Bittern -Ghost of the Reed Forest
Voicing the invisible
I was walking through marshland in Somerset on an early Spring day. There was a large expanse of reedbed to my right. I heard a strange, low-frequency sound, very loud and booming, unlike any other sound you normally hear in nature. There was a bittern somewhere in the reeds.
One of the unique things about the bittern is its habit of standing and stretching its long neck up towards the sky, as if looking to the sun. Hence some Native American tribes have called it the ‘sun-gazer’. The Plains Indian tribe Pawnee call the bittern sakuhkiriku, meaning, ‘looks at the sun,’ and the Ojibwe of the Great Lakes use the term ganawaabimogiizisweshiinh, which means ‘the bird that looks up at the sun.’ The Blackfoot tribe of Montana, Idaho and Alberta call it Itapksissi natosi, meaning ‘pointing beak to the sun’. All these names illustrate that the bittern teaches us to reach for the light within, to find one’s authentic self. It means to shine, and to express your creativity and lifeforce. Looking towards the source of light denotes awareness, understanding, and enlightenment. The message this mystifying bird gives is to awaken.
The bittern is a solitary bird, and so secretive that many people don’t even know it exists. It spends most of its time out of sight in the reedbeds of marshlands. Sometimes it will fly up and scout its surroundings briefly, and then disappear amongst the reeds again, its brownish plumage making it a master of camouflage, able to blend with the reeds, the feathers even swaying like reeds in the wind. It carries the medicine of becoming invisible when needed.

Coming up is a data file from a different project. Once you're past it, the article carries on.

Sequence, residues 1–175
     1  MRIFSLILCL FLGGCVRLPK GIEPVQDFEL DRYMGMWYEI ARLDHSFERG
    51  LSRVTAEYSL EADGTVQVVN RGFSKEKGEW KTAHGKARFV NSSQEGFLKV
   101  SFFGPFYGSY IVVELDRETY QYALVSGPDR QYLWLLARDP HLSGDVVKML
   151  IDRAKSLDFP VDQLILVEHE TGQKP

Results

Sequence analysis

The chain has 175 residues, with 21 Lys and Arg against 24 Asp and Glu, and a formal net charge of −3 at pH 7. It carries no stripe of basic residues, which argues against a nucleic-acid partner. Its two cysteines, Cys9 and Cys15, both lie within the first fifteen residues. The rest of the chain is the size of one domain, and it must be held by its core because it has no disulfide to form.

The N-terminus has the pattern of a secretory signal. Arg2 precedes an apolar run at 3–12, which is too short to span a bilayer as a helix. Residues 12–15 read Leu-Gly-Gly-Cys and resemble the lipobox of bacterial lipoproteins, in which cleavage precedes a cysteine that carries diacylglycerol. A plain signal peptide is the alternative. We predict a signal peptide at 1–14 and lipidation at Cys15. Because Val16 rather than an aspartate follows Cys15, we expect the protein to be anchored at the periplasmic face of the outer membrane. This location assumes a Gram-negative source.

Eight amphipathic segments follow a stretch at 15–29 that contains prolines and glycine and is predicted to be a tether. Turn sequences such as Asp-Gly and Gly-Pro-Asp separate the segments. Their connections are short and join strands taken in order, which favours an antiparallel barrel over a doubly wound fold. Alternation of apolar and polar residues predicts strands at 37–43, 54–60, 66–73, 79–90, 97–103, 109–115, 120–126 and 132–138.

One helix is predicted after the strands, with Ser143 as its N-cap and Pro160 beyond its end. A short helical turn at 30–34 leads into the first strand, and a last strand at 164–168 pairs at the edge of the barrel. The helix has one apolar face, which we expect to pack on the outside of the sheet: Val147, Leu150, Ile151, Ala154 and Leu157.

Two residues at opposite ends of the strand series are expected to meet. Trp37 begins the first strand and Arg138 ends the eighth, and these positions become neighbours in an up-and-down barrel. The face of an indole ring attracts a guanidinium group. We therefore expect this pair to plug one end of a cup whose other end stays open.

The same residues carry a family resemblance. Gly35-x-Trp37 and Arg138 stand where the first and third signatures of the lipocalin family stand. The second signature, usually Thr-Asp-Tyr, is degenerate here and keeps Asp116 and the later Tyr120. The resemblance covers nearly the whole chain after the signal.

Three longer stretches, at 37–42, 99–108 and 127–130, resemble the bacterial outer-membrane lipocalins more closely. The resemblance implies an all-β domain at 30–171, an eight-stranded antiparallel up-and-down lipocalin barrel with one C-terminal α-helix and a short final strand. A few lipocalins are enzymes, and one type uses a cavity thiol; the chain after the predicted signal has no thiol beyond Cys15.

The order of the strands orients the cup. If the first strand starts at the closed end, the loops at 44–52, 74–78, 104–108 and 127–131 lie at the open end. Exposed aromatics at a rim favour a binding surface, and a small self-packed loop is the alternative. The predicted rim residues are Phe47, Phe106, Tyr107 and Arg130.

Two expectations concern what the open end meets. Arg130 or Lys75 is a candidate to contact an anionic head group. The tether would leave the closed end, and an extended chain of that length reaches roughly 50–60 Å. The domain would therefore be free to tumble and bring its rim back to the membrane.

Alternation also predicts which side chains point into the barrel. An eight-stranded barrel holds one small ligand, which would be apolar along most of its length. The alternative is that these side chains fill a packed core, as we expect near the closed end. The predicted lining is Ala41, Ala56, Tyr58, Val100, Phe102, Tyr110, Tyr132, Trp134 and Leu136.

But then there is its mating call. Loud and booming, it can be heard for miles. On a symbolic level, this signifies that it is time to share your secrets, to free yourself, and to no longer carry alone the weight of burdens from your past. The bittern tells you there is great healing power in sharing your story. The call of the bittern can also be a message to dare to speak about a topic that is normally avoided, hidden away, and not spoken about. Its otherworldly sound can also invite us to get in touch with, and to express, grief that may have been hidden away in the dark corners of the soul.
However, the bittern lives most of its life unseen by human eyes, hunting in shallow water, feeding on fish, small mammals, frogs and insects. This represents the ability to find nourishment and renewal in the source of life. Knowing yourself, and going about your business without needing to draw attention to yourself, is another lesson from the bittern. Being comfortable with your own company and resting in your own centre indicate self-acceptance, self-appreciation, self-knowledge and self-realisation. The bittern is fiercely independent, and humility is one of the qualities this elusive and mysterious bird.
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